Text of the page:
A Journey through Putin’s Russia Part 3
For the next stage of our trip we took another train to Yekaterinburg for about 24 hours in second class where we had to share a compartment with an elderly couple Konstantin and Galia on their way to the oil town of Nizhnevartovsk for a wedding.
They shared with us their food for journey including a version of the meat pasties we’d been told were a Tatar delicacy in Kazan, we offered our cheese and salami in return which Galia turned her nose up at, but Konstantin an Athletic fifty something semi retired oil engineer who’d only recently taken up smoking, would happily sip our Vodka when he thought his wife wasn’t looking.
Yekaterinburg is the bustling capital city of the Urals region and was the site of the murder by Bolshevik revolutionaries of Tsar Nicholas and his family in 1918 and in the 1990’s suffered from open Mafia warfare on it’s streets, resulting in thousands of deaths, evidence of which can be seen in Shirokorechenskoye cemetery with it’s Gangsters row of gaudy marble mausoleums. We were greeted on the train platform by our next translator and driver duo, Sacha ,our translator , attractive and well connected with an easy going personality and Valery, our driver, a bit of a player from Moscow, who liked to drive as fast as possible whenever he could and had a rather comical Hip Hop dialtone on his mobile.
It had begun to get very cold at this point around -7 degrees , at least for an Englishmen anyway, and one of my Canon Cameras, ironically the pro version , had begun to malfunction after short bouts of being outdoors and I had to revert to using one camera for outdoor work, which was frustrating and meant having to change lenses all the time.
First stop was a rehabilitation centre for drug addicts founded by a state Duma offical with alleged dubious mafia connections, Yevgeny Roizman.
Here we were introduced to the enormous Sergei “Boxer” Kolesnichenko, director of the “Clinic of the Yekaterinburg City without Drugs”, who’s arms were almost as big as my waist. He gave us a tour of the facility, policed by musclemen in their twenties, who mostly claimed to be former “sportsmen”, a euphemism for a members of a particular Mafia “Grupperovka” in the nineties called Uralmash , named after the factory suburb of the city it came from.
Inside a caged room up to fifty men were handcuffed to their bunks, a technique used for the first 27 days of their stay, which is often an involuntary one.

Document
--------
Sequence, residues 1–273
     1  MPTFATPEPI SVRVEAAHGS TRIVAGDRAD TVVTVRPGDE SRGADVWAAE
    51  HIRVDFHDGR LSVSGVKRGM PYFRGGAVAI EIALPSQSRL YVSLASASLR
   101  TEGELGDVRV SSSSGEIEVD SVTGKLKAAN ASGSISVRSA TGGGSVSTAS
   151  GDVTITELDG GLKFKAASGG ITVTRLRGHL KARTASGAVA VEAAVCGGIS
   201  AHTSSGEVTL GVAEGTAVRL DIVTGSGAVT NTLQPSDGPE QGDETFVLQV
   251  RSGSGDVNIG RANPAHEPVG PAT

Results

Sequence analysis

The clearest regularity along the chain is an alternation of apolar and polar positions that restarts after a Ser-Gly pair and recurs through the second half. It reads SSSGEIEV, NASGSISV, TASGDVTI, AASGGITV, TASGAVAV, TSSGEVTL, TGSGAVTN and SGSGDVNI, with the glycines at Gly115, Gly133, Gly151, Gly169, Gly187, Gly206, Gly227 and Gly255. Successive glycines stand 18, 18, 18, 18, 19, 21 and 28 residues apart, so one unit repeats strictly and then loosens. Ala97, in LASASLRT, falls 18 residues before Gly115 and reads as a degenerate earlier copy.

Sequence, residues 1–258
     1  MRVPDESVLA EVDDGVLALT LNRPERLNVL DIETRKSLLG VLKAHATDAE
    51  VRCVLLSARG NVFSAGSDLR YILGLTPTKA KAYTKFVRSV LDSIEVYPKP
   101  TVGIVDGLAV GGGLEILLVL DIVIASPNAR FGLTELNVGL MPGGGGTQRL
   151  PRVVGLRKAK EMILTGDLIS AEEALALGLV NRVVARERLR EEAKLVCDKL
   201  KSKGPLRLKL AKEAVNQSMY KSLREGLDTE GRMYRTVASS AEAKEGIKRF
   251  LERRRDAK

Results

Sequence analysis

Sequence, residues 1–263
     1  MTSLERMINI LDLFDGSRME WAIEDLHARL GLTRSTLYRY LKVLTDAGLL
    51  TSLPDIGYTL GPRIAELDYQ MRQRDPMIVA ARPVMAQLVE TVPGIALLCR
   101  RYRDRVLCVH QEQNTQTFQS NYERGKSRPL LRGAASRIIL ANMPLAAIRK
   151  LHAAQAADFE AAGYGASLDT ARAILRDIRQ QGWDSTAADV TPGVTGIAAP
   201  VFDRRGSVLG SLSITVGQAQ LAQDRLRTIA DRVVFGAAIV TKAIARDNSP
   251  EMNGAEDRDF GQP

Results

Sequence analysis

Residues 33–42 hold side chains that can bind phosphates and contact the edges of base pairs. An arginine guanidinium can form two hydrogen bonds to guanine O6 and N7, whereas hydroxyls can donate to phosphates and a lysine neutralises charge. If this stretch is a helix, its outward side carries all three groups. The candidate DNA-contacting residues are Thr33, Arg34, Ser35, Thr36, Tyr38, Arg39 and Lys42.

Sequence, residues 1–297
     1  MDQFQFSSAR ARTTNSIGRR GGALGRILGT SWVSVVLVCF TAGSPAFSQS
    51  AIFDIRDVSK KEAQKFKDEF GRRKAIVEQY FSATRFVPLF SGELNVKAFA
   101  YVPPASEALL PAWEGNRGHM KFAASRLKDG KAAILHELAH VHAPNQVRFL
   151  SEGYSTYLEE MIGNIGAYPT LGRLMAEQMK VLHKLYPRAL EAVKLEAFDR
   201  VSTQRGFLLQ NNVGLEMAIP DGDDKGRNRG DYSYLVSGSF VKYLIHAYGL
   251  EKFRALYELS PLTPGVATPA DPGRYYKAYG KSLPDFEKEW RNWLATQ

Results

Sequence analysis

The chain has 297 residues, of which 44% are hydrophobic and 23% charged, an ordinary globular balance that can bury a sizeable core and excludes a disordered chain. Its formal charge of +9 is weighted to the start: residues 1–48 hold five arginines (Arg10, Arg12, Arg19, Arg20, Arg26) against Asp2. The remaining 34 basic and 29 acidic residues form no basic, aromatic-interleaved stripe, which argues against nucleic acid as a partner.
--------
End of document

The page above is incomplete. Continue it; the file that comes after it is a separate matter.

Picked up off the streets by a team of heavies usually led by Boxer , and often at the behest of their friends and relatives, these inmates are meant to take part in a clean up programme which should last the best part of a year . Roizman’s organization’s other focus is on the clamp down on drug dealers in the city, although some critics argue that only non Russian dealers are targeted.
We stopped off in a hip restaurant for lunch in the centre of town, with modern trendy dÃ©cor and “Back to Mine” style lounge music playing in the background.
The food was great, some of the best we’d had in Russia so far, not counting the CafÃ© Pushkin in Moscow, and gave our taste-buds a welcome break from the otherwise dull food we’d had so far.
That evening the old Communists were out in force, all of around two hundred of them, mostly pensioners, to celebrate the “Day of the Great October Revolution” once a public holiday, but now disregarded by the new regime, and renamed “National Unity day” and moved to November 4.
They marched down the main Lenin Street, as all main streets in Russian cities are called, and finished at the Lenin statue where they sung old songs, listened to speeches and reminisced about the good old days. Although the die hards of the Communist Party are now frowned upon in Putin’s Russia , not all of it’s hero’s and personalities are.
In recent years Putin has tried to rehabilitate the Stalin’s tainted image which was swept under the carpet by his successor Nikita Krushchev, and now four decades later the tyrant who managed to murder at least 20 million of his own people is now making a comeback and becoming a symbol of the days when Russia was a superpower. Now some of the crimes committed during his time in office are being glossed over once again.
A good case of this revisionism was close by to the next city on our visit, Perm in the Urals.
About an hours drive from the city is the infamous labour camp Perm-36 which was a labour camp for Political prisoners from 1946 until it’s closure 1988. It is now a museum and memorial to those that suffered political repression under the Soviet regime. Under new guidelines set down by the Kremlin in an advisory book for teachers not only is Stalin’s role as a dictator revised but also that of the Gulags, being painted as an unpleasant necessity for Russia’s security and advancement.
We met a teacher with her class from a local a school who were on a tour of the facility who felt that it was important for her students to learn about the horrors of the past and intended to continue bringing children there, she wasn’t aware of the new guidelines from Moscow.
I find it hard to believe that someone as evil as Stalin, who killed far more people than even Hitler could manage, could anyway be rehabilitated into society, but apparently he has a 55 percent approval rating from Russians in a recent poll. What can explain such a phenomenon? Have the Russian’s suffered so much in history that they can’t even differentiate good from evil anymore, or are they simply willing to bury their heads in the sand as long as they have a steady salary and food on the table.
Perhaps this explains Putin’s own extraordinary popularity in Russia, when asked in recent polls the incumbent President Is voted by the people as the “Russia’s Greatest Leader since the Revolution” and Stalin second. Hopefully I’ll build a better understanding of the Russian psyche during this journey.
Next Tyumen and Omsk.